Most of the time, the upper stage of a Falcon 9 rocket is pushed back into Earth’s atmosphere after it has delivered its payload to orbit, a tidy way to avoid cluttering space.

But this upper stage needed all of its propellant to send DSCOVR on its way to its distant destination, and it ended up in a very high, elongated orbit around Earth, passing the orbit of the moon.

That opened the possibility of a collision someday. The motion of the Falcon 9 stage, dead and uncontrolled, is determined primarily by the gravitational pull of the Earth, the moon and the sun and a nudge of pressure from sunlight.

Debris in low-Earth orbit is closely tracked because of the danger to satellites and the International Space Station, but more distant objects like the DSCOVR rocket are mostly forgotten.

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“As far as I know, I am the only person tracking these things,” Gray said.

While numerous spacecraft sent to the moon have crashed there, this appears to be the first time that something from Earth not aimed at the moon will end up there.

On Jan. 5, the rocket stage passed less than 6,000 miles from the moon. The moon’s gravity swung it on a course that looked like it might later cross paths with the moon.

Gray put out a request to amateur astronomers to take a look when the object zipped past Earth in January.

One of the people who answered the call was Peter Birtwhistle, a retired information technology professional who lives about 50 miles west of London. The domed 16-inch telescope in his garden, grandly named the Great Shefford Observatory, pointed at the part of the sky where the rocket stage zipped past in a few minutes.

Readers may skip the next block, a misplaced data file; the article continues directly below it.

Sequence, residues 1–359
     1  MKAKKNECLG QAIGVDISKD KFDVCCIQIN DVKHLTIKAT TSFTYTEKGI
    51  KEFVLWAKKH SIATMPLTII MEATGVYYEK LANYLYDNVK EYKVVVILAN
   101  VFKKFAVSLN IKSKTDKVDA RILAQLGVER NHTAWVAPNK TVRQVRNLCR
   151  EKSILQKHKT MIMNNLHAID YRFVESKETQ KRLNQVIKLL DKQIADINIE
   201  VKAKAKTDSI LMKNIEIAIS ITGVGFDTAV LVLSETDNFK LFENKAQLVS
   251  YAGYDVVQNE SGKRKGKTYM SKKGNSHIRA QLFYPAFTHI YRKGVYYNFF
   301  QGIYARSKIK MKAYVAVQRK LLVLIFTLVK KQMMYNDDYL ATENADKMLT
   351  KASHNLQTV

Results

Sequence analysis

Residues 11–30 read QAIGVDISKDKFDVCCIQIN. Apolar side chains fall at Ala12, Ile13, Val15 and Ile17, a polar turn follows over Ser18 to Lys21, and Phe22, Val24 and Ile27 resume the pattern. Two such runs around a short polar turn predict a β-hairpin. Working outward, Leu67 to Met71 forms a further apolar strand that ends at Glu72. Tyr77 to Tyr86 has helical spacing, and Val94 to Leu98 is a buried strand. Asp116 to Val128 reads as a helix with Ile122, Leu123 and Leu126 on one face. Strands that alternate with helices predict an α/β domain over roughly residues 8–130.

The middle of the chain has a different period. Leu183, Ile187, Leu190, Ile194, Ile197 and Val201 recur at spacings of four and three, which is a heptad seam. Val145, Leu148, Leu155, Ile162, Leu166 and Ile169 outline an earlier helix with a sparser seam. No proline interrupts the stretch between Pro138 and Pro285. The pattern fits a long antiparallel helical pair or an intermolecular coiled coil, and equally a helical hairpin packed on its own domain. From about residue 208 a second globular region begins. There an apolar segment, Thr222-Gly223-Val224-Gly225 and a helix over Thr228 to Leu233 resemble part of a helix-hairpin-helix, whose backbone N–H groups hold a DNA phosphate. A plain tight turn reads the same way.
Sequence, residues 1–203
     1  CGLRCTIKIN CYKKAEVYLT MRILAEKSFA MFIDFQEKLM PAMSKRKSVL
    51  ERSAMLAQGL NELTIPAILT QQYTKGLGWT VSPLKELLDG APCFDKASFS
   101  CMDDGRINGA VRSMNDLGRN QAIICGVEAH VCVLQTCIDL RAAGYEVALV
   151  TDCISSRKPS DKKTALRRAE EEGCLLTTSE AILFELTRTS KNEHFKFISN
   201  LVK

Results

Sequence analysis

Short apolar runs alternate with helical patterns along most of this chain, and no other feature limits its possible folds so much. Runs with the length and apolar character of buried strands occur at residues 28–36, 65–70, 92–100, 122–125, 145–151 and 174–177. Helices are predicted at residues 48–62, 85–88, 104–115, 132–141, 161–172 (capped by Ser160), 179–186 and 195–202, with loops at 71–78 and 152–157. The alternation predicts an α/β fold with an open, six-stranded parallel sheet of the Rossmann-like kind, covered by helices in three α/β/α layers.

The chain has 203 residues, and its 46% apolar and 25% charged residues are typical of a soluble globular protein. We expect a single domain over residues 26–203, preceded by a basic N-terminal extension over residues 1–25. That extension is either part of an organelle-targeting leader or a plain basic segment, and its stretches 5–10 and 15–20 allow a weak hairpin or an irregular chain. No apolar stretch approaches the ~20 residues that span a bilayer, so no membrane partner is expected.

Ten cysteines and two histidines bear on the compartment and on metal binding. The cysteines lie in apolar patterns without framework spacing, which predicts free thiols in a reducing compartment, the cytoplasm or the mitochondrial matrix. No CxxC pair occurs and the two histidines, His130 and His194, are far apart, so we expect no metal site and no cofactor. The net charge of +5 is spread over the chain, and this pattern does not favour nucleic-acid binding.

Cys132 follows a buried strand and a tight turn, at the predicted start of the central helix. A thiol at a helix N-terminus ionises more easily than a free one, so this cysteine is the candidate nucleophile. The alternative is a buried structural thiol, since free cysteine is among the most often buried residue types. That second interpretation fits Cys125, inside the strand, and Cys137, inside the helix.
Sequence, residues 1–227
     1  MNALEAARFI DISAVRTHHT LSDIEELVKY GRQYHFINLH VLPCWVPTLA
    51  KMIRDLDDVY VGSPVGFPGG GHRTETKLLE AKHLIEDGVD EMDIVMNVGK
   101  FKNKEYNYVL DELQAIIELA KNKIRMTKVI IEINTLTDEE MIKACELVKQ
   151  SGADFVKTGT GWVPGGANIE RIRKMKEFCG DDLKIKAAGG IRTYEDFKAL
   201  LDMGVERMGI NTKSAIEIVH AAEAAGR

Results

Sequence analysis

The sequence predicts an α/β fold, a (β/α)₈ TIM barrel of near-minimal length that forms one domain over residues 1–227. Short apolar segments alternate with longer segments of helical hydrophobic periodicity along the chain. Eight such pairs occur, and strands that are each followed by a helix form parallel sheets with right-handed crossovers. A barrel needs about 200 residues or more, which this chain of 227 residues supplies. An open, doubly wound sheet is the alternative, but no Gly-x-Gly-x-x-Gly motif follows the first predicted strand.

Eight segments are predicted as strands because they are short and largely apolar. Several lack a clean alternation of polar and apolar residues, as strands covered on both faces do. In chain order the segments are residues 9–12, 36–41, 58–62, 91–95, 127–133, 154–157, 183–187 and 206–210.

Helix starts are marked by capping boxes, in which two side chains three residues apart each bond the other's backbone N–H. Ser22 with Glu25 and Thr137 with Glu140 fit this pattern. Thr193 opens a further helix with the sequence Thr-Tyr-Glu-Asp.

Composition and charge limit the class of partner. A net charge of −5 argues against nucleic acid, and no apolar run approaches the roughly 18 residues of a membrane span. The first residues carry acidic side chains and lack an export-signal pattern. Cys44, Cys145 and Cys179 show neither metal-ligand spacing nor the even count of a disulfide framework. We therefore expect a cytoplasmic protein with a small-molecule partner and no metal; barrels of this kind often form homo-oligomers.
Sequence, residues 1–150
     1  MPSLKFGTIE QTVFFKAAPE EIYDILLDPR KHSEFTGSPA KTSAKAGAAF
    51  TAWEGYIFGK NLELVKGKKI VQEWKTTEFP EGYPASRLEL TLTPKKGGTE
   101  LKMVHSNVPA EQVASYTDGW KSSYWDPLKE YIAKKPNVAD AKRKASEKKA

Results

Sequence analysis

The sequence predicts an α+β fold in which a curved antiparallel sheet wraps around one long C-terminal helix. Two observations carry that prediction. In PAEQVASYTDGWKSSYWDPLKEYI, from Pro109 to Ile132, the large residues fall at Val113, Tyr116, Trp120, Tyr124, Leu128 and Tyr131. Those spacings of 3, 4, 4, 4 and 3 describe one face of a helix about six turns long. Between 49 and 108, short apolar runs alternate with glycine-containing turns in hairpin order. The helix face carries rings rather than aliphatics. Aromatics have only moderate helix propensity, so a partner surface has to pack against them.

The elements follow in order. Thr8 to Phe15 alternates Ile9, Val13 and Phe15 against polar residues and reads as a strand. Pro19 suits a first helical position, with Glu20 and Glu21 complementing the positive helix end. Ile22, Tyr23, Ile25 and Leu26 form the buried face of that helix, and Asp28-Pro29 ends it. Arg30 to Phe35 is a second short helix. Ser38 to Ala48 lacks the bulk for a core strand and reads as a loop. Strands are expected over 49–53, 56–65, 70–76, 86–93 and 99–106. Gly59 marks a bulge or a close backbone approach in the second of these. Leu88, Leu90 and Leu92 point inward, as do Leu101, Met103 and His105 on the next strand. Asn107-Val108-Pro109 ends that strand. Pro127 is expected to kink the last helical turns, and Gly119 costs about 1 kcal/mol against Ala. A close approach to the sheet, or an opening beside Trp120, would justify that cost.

“This thing’s moving pretty fast,” Birtwhistle said.

The observations pinned down the trajectory enough to predict an impact. Astronomers will have a chance to take one more look before the rocket stage swings out beyond the moon one last time. It should then come in to hit the far side of the moon, out of sight of anyone from Earth.

NASA’s Lunar Reconnaissance Orbiter will not be in a position to see the impact live. But it will later pass over the expected impact site and take photographs of the freshly excavated crater.

Mark Robinson, a professor of earth and space exploration at Arizona State University who serves as the principal investigator for the Lunar Reconnaissance Orbiter’s camera, said he expected 4 tons of metal, hitting at a speed of some 5,700 mph, would carve out a divot 10 to 20 meters wide, or up to 65 feet in diameter.

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That will give scientists a look at what lies below the surface, and unlike meteor strikes, they will know exactly the size and time of the impact.

India’s Chandrayaan-2 spacecraft, also in orbit around the moon, might also be able to photograph the impact site.

Other spacecraft headed toward the moon this year might get a chance to spot the impact site — if they do not also end up making unintended craters.
This article originally appeared in The New York Times.